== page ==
-David Sklansky, The Theory of Poker

You realize, neuroman, that that’s just a fancy way of saying exactly what I said I didn’t need to hear again right?

Does Sklansky have anything in his book that explains why some brain damaged FUCK would call a raise out of position with J2os and why said brain damaged FUCK is then allowed by the gods of poker to catch their fucking Jack when I’m in with pocket TT? I literally knew better than to call a raise with J2os before I ever played a hand of poker.

And fruitbat, play limit? Are you mad? At least at NL I can evry once in a while raise one of these fucking morons off a hand by, say, betting exactly his remaining stack. Limit is the land of “I’ll call it, it’s only another (quarter, dollar, whatever).”

Yeah, I’m sorry for needling you. But I believe in the mantra of learning how to handle bad beats well. I probably bitch as much as the next guy (still working on it), but I think the pursuit of being able to handle bad beats in a calm, zen-like manner is a noble one that can embiggen the soul of any poker player.

I’d recommend looking at Poker-Spy (disclaimer: I consulted informally on the development of this program, but get no financial benefit from it at all - I just use it). It’s very good.

As for always getting drawn out in loose games - I wrote an article for Poker Digest a few years ago in which I described the mathematics of multi-way pots and showed how even very bad calls can actually hurt you if you have a weak, but vulnerable made hand (say, top pair). This is one of the hard parts of playing loose games, and why you have to adjust your hand selection. Just remember, for every guy who hits his 2-outer on you, there may be four other players who missed their 2 and 3 outers, and a couple of guys who missed some big 8 out draws. Put them all together, and your best hand on the flop may have only had a 10% chance of winning anyway.

If anyone wants to read the article, I’ve converted it to HTML and put it on my web page. You can read it here:

The Mysteries of Multi-Way Pots

This is almost all bad advice, sorry to say. Let’s look at it:

There’s some truth with this in loose games, if many people are already in the pot. But you go too far. AK is too strong a hand and has too much pre-flop equity that you should never limp in. In addition, a hand like AKo plays best against a small field, so if you are first in or there is only one or maybe two callers behind you, you should always raise hands like AQ.

Worst advice you can offer. Flush draws ‘pan out’ roughly a third of the time, and as a result you almost always have the odds to draw to them, even heads-up.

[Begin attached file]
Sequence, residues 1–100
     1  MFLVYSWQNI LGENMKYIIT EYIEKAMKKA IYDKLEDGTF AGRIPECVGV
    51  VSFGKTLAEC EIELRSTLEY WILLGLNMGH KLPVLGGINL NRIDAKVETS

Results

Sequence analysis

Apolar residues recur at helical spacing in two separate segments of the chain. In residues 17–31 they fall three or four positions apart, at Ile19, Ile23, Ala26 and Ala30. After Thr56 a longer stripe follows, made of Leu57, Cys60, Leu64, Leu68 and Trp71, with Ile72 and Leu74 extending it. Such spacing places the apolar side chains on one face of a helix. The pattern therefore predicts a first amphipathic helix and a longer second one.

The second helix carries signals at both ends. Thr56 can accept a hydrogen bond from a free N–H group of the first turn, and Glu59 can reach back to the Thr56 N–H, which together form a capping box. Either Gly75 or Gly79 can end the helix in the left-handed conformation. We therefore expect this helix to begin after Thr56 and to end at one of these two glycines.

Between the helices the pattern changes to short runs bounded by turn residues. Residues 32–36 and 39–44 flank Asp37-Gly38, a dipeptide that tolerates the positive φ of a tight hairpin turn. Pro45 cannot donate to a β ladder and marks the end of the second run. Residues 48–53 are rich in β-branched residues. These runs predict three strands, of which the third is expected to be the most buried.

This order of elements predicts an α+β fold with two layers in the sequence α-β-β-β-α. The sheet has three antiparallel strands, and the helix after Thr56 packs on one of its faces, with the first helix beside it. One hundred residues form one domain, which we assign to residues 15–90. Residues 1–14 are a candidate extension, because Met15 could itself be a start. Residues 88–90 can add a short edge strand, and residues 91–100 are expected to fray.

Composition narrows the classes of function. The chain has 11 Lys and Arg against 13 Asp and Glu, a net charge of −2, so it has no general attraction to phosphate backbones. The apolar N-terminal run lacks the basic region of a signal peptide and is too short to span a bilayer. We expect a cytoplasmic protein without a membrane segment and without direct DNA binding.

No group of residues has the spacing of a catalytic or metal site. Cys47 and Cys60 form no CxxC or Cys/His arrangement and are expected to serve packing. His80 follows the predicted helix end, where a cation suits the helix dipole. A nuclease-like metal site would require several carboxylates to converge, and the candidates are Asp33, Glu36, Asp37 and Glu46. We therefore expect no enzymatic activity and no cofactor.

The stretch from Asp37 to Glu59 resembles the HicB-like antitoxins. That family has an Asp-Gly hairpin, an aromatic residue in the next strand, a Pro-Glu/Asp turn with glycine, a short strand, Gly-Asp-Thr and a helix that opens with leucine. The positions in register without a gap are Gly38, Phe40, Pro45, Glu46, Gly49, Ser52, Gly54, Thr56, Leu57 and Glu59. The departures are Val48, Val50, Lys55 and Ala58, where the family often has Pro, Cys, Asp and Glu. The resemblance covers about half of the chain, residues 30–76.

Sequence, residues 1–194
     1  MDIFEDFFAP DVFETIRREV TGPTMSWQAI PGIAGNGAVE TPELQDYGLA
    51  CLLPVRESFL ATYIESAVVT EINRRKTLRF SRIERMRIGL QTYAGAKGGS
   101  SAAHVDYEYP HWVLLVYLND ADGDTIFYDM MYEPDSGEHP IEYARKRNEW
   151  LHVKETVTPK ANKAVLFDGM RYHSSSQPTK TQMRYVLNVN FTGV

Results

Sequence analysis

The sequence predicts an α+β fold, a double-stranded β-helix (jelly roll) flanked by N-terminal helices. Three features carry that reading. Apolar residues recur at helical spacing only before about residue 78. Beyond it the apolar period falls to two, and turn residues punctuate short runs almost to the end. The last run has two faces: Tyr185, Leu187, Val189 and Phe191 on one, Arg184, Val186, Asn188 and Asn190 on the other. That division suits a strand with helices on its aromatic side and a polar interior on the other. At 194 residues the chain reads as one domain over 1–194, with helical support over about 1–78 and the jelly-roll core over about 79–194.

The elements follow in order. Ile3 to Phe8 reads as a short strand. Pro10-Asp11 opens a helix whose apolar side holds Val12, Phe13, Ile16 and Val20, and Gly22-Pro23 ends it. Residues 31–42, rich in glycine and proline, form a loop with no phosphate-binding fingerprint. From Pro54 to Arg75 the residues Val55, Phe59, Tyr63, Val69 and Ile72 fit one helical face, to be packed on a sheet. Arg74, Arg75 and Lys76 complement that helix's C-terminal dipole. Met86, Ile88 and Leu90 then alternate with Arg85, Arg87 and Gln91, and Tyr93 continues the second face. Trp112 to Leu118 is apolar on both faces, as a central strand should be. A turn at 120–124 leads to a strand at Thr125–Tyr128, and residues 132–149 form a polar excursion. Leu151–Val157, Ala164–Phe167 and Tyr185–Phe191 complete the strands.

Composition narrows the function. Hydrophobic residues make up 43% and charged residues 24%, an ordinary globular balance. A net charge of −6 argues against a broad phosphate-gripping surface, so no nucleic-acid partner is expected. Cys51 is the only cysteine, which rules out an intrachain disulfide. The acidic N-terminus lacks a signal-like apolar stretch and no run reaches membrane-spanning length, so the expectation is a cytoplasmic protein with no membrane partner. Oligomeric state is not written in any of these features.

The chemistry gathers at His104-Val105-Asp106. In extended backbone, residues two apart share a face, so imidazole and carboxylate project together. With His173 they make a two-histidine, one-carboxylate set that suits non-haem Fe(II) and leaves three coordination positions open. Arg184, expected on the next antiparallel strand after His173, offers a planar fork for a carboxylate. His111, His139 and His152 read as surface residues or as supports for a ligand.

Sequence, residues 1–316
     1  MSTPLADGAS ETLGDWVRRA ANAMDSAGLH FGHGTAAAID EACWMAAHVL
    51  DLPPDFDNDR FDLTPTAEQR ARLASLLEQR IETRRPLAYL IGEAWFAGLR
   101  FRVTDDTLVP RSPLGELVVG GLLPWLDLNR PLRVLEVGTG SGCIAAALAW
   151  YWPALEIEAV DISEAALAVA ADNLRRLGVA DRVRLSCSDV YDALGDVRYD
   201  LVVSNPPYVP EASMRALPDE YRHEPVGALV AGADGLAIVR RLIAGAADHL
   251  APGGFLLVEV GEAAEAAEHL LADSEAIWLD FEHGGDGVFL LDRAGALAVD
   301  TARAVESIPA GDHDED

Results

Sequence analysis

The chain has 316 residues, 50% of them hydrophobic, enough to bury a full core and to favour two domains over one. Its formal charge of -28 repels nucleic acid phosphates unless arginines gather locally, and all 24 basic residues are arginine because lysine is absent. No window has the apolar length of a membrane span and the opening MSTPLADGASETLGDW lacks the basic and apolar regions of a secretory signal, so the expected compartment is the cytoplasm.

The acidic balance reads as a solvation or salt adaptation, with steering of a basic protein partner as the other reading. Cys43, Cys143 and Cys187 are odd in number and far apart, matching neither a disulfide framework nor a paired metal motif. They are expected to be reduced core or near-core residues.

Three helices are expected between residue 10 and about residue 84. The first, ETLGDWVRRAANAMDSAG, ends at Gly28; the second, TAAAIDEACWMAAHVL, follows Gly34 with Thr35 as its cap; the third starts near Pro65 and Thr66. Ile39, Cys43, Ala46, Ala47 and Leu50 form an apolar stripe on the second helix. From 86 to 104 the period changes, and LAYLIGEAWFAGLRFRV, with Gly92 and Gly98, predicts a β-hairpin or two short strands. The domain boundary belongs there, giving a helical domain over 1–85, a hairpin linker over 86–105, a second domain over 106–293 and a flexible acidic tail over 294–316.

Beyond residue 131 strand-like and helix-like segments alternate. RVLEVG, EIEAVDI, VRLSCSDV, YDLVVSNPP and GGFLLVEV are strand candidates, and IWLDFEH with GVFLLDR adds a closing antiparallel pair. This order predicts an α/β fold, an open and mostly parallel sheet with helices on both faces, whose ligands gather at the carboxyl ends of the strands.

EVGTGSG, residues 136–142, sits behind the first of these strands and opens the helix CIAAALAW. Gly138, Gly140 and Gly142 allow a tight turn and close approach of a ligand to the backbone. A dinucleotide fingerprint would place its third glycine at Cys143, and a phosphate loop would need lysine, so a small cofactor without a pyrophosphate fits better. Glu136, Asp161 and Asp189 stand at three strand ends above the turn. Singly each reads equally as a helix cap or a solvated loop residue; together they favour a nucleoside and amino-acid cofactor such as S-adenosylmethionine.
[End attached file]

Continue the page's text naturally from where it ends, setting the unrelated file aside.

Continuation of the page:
No, with AA your goal is to build the biggest pot you can, since you are the overwhelming favorite to win it. Also, AA is unique among big pairs in that its equity grows as you can more callers, assuming you have made them pay the max. Nonetheless, your basic advice is correct, because raising usually gets you the biggest pot. The exception is if you have a wild player behind you who is guaranteed to raise, in which cause you may want to just call, get the wild player to raise, have a bunch of people call what they think is a weak raise, then re-raise him. With AA, you should always be thinking, “How can I get the most people to put the most money into this pot?”

In the long run, there is no luck. Saying “It’s 90% luck” is meaningless without considering the length of the trial.

Normally in a high stakes pro game, this would be bad advice. However, if you’re playing micro limits online, it’s much more difficult to represent strength. You complained about being sucked out in your OP a lot, so I presented tactics that help when facing loose players. Using textbook strategies will bite you in the ass if you’re playing on a table with loose players who have unlimited bankrolls or who don’t care about stakes. It works well for me, but like I said I’m no expert.

I dunno, Otto. You seem to be complaining about the structure of poker. You acknowledge that in the long run you’re “comfortably up”. And you’re bitching about the fact that you lose some hands to bad players. Well, that’s the way the game works. In any given hand, the winner is largely determined by the luck of the draw. It’s only in the long run that skilled play gains the advantage. Sure, the skilled player has a small advantage in each hand, but the guy who pairs up his ace on the river has a much bigger advantage, even if he made bad plays getting to that point. It’s a game where it takes no skill to win battles, but a lot of skill to win the wars. If you don’t like losing battles to bad players even though you’re consistently winning the wars, I have to think you’re playing the wrong game.